What is the point of pulling all of these different parts of God's law together? Leviticus 19 prepares us for the evening sermon on the Lord's Day. In these thirty-seven verses of Holy Scripture, the Holy Spirit teaches us that in every part of God's law for His church, that which motivates obedience and shapes applicational details is sincere and active relating to the holy God Who has redeemed us into covenant with Himself.
An airport in December is something of a sad and dreary place. It's full of holiday decorations and a veneer of Christmas cheer, and yet most of the people there are trying to reach a destination but don't know where they're ultimately going. In this sermon, Pastor Jesse unpacks Titus 3:3, drawing out the characteristics of a world system starved for joy. You'll see the dire condition of our hearts and lives apart from Christ - and you'll be led to greater joy in knowing and loving Him.
Here we find that Jesus' brethren who did not believe in Him sought to counsel Him about what He should be doing. We should take the Lord's example and not take counsel from people who are not believers. Everything these people thought Jesus should do sounds remarkably the same as we hear in most churches about how to reach the lost. Here the source of such so called wisdom was an unbelieving heart, which is reason enough to reject it, just as Jesus did.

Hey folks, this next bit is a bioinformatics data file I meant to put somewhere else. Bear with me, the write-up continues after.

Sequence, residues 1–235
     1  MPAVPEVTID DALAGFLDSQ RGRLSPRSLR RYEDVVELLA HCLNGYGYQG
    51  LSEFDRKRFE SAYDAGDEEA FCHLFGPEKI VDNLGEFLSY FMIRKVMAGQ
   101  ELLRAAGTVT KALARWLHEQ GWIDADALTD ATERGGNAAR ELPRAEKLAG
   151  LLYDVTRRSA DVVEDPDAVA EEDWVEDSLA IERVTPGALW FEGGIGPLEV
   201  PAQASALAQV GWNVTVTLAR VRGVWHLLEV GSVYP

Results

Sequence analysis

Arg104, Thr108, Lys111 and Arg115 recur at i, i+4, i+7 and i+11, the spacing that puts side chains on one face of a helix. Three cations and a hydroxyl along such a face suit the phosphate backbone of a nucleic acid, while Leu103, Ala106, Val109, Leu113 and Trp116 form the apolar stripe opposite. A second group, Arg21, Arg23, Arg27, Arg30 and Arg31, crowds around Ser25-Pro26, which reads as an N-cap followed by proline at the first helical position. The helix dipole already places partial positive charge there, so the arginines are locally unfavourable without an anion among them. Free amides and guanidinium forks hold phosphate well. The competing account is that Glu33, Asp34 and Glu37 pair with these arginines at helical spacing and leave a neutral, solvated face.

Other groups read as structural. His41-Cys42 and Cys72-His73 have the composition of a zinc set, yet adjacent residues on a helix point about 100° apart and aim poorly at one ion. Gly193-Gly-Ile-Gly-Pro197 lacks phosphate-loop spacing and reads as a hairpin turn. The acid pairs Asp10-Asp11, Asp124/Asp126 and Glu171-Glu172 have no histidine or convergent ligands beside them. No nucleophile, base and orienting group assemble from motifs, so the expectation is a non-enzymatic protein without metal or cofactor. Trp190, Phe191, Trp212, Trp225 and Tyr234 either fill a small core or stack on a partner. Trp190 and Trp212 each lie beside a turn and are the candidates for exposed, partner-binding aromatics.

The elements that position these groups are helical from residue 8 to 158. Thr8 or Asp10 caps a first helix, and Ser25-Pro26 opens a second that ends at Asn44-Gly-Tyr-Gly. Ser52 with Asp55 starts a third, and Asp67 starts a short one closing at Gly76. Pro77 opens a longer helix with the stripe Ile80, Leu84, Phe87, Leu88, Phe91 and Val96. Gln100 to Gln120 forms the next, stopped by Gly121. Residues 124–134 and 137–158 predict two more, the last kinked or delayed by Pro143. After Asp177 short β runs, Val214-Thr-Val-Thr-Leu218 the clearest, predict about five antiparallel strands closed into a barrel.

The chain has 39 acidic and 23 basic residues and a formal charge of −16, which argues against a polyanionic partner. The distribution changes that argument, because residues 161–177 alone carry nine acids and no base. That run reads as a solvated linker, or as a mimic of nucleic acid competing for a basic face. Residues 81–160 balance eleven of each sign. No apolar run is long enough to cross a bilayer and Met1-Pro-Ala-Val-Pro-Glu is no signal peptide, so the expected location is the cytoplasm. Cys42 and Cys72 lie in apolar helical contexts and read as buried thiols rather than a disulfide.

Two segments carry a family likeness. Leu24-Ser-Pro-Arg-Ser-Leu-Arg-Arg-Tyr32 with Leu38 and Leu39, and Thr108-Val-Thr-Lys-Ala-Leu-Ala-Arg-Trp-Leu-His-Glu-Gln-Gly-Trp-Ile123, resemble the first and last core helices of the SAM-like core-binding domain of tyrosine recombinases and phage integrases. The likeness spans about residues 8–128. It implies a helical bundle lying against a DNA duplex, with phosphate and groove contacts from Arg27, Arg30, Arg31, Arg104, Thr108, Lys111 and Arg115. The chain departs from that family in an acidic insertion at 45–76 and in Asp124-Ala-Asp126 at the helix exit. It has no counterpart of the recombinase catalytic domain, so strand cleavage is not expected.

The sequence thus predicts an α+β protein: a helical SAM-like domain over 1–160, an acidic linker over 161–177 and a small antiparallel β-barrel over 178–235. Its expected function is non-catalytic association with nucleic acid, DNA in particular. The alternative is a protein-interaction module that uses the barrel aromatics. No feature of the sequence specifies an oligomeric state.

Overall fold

Stand Down Genesis 13:1-18 When Relationships Collide: Thriving in the Midst of Conflict. It's only natural that we seek what is best for us. When conflict enters a relationship, most of us want to preserve the relationship, but we're still going to look after our own interests. After all, "If I don't look after my own interests, who will?" Compromise can often be an option, but sometimes the best option is simply to put aside our own interests and let the other person "win." As a result, we can receive the greater benefit of preserving and even strengthening the relationship. Abram, whose name means "the exalted father," was a native of Chaldea and a descendant of Shem, the son of Noah. Abram was born in Ur about 2160 B.C. When he was 70 years old, he migrated with his father Terah, his nephew Lot, and his wife Sarah to Haran Gen. 11:27-31 in response to God's call. After his father Terah died in Haran, God renewed His call to Abram and he departed for the land of Canaan Gen. 12:1,5. Compelled by a famine, Abram went to Egypt where he tried to deceive Pharaoh about his relation to Sarah. After the plot was discovered, Abram, Lot, and Sarah left Egypt and returned to Canaan.There problems developed between Abram's and Lot's herdsmen.I wonder how many family fights have been caused by the love of money.The heart of every problem is the problem in the heart. Lot's heart was centered on wealth and worldly achievement, while Abraham wanted only to please the Lord.The world's wisdom and the world's wealth seem so satisfying, but they ultimately bring disappointment.Abram was walking in fellowship with God, and his heart was satisfied.